The world has been gripped by the Rio 2016 Olympics, with billions tuning in to watch the world’s greatest athletes compete and see Team GB win a record-breaking 67 medals.
One person with a front row seat was BU journalism graduate, and BBC Sports Correspondent, Natalie Pirks, who was out in Rio covering the games.
“It was relentless,” says Natalie. “I was on every bulletin, reporting live and packaging every day for 21 days solidly, working 14 hour days.
“However, the experience of being at my first foreign games was brilliant and I did at least get to see a few medals live - including Mo Farah's 10k gold, Nicola Adams and Andy Murray.”
She believes her BA (Hons) Multimedia Journalism degree from BU stood her in good stead.
Natalie, who graduated in 2000, said: “I wanted a course which was well respected within journalism and combined NCTJ qualifications.
“I also wasn't sure whether I wanted to go into TV, radio or written journalism so it appealed to me that I would get a broad range. I now do all three in my job!
“My experience was excellent - the course and tutors were all top drawer and my uni years in Bournemouth were some of the best in my life.”
She adds that the combination of skills learnt throughout the course – including shorthand – and practical experience gained helped boost her employability upon graduating.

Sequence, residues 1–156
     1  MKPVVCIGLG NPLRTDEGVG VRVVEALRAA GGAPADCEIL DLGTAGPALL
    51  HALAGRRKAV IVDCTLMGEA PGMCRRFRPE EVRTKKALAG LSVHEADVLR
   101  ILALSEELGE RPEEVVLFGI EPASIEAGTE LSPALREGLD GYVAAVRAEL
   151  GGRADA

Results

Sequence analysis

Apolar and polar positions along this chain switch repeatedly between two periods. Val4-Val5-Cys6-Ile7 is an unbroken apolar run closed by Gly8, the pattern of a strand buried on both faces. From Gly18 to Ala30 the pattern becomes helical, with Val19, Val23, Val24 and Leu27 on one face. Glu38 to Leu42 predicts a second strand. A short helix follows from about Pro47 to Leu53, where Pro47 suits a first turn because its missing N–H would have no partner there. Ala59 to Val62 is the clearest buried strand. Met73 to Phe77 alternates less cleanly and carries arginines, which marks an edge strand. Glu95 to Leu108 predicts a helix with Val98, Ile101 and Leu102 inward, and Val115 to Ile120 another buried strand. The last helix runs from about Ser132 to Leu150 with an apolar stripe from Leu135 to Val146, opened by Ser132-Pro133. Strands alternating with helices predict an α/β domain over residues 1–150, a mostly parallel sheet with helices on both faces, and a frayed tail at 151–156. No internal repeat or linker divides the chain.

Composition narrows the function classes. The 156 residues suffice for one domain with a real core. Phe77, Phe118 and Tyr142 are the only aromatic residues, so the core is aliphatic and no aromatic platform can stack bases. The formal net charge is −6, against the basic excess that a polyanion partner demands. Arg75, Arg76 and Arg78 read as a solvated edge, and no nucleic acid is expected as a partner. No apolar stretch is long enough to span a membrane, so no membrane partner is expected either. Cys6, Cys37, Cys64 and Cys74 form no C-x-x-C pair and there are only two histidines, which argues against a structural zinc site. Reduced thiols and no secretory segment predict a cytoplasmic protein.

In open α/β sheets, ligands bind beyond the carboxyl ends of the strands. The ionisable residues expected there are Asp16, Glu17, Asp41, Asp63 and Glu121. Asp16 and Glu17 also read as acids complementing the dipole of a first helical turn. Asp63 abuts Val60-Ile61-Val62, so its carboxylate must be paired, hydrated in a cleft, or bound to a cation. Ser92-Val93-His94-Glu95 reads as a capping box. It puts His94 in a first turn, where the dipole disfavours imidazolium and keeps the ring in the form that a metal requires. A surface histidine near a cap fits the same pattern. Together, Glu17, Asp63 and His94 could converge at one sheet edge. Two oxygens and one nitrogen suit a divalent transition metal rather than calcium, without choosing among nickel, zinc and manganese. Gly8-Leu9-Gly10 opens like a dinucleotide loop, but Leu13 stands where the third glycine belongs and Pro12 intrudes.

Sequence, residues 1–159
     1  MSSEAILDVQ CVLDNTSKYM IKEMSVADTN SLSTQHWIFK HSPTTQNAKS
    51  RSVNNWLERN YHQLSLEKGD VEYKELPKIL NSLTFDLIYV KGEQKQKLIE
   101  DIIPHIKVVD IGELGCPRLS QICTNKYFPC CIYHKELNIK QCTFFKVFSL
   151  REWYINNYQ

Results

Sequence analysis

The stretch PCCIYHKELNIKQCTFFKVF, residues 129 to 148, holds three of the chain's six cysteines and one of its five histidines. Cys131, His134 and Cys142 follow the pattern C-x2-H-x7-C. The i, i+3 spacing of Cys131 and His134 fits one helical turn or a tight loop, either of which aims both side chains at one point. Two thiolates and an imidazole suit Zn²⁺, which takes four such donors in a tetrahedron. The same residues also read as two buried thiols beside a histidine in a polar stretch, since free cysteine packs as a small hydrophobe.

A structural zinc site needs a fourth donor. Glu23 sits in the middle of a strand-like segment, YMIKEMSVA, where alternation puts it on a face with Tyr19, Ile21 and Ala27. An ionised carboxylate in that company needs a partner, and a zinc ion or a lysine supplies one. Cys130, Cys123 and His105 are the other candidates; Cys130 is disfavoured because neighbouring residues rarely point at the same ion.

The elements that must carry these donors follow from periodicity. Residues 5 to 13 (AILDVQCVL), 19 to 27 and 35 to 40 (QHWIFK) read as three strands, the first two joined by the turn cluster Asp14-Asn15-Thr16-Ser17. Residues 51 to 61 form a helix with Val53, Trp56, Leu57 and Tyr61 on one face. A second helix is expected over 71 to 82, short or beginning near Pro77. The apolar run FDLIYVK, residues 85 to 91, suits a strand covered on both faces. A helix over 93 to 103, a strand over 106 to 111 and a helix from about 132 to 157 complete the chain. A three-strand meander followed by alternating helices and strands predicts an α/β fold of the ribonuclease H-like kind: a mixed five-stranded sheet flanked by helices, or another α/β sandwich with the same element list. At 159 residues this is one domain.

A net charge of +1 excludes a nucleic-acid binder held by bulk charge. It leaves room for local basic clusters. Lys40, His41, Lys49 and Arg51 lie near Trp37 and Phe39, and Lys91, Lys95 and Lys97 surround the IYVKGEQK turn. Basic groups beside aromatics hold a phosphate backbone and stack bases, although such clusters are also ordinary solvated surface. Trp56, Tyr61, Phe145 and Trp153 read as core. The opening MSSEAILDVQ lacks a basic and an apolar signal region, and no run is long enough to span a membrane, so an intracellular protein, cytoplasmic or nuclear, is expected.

“It tried to give us experience of working to deadline - something I now do daily for the 1,6 and 10 o’clock national news,” said Natalie.
“I was employed within a month of leaving uni, for an online magazine, and know the fact I was fully 'tooled up' in terms of my NCTJ exams had a large bearing.
“It's such an incredibly competitive environment that doing a course like BU’s Multimedia Journalism degree can give you the edge with employers.”
Natalie won a BBC talent competition after graduating from BU, and got a job as a reporter for the sports show Grandstand.
“It was an amazing foot in the door,” Natalie said. “After a year, I moved to Radio 1 Newsbeat as a reporter – something I could never have done without my journalism degree.”
Natalie then worked as a sports reporter for ITN, travelled the world with the England football team as a sports presenter and journalist for broadcaster Setanta, and then became a sports reporter and correspondent for ITV News.
She joined the BBC as a sports correspondent in 2013 and reports primarily for the main three national bulletins as well as Radio 2, 4, Radio 5 Live, the BBC news channel and online.
Natalie’s advice for other budding journalists is to make the most of work experience opportunities - and perfect your tea-making skills!
“Work experience is key because so much of this job is about contacts. They can really open the door,” she said.
“Listen and learn from everyone you work with - the best journalists are like sponges. Make yourself invaluable - learn how everyone likes their tea! And never stop being prepared to learn.”